The topic assigned was: War, Peace, and Reconciliation. His message was neither new nor earth shattering. War brings death. Peace supports life. Reconciliation leads to peace thus brings new life. He pointed out that emotions tend to exaggerate ones perceptions of situations, particularly negative emotions. Therefore he suggested using the mind to educate oneself and to expand ones understanding of reality so as to step outside emotions and make wise choices in all things. He indicated that given the global perspective, war in the 21st century is now obsolete and potentially life threatening to all. Thus reconciliation is the only path open to work through differences to peaceful solutions.
The Dalai Lama had one perspective that our little group found interesting – mostly because none of us had seen things in quite this perspective. He noted how much BETTER the world is today than it was in the 1950-1970’s – the time of the Cold War when there was a constant escalation of nuclear arms and a constant state of fear. He noted how major nations have found ways to work together for the benefit of all, how nations help one another in times of natural disasters, etc. It was a good and gentle reminder to view things from a broad perspective rather than from the isolation of the current politics in power…
Interestingly enough, I had not planned to attend this function nor had I any real interest in doing so. Just a few nights ago my husband and I were discussing his appearance and we both indicated that we would not go to see the current pope, nor did we see the last pope, nor would we go see a president who was ‘passing through/ (aka campaigning) – it’s just not our thing. Huge public gatherings are places we generally avoid! Yet Friday morning I received an invitation, including a ride, and I chose to go. And again Saturday morning, I received a second invitation and ticket offer… Now how often does that happen? Next to never. A ticket alone would not have brought me to the stadium but a ride with friends and a ticket – followed by lunch on the way home – that got me out of my home and into Rutgers Stadium to see a very holy man and hear him speak. His voice alone was like a toning experience!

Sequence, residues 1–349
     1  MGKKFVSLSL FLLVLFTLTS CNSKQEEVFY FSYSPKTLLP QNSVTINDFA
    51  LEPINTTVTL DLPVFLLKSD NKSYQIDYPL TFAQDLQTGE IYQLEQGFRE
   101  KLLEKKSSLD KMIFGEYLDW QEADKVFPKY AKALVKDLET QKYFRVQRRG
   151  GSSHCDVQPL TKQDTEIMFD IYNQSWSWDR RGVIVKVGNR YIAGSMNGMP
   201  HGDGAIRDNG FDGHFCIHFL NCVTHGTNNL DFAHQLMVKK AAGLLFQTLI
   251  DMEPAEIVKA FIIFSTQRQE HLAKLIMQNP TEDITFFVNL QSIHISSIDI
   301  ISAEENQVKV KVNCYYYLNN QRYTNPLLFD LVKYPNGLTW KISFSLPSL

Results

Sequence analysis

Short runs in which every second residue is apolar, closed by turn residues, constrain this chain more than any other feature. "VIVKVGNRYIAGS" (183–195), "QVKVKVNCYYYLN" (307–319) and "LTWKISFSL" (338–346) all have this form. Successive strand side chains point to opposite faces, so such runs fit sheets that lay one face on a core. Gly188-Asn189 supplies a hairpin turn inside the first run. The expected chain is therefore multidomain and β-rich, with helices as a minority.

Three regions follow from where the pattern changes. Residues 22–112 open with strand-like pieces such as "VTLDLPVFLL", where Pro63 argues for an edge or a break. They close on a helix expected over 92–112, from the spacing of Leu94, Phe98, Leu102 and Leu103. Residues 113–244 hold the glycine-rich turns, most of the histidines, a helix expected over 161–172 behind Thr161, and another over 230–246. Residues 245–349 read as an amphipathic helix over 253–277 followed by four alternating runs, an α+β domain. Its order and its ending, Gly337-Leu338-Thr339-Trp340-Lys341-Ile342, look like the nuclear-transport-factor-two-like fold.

Best of all was his sense of humor and his very down-to-earth presence. Here is a high holy man seated comfortably on the floor telling jokes, cross-referencing with his translator when a word escaped him, scratching his head, adjusting his newly received PhD garments, coughing into the mike or into his hand – no false front, no artificiality, no pomposity, no judgment or criticism, no pride of any sort. A holy humble man giving witness to the application of peaceful living for all who could see. I will remember His Holiness… I will remember his bowing to us, the audience. I will remember his voice. I will remember in my deepest being the energy of this day realigning my energy more clearly toward peace…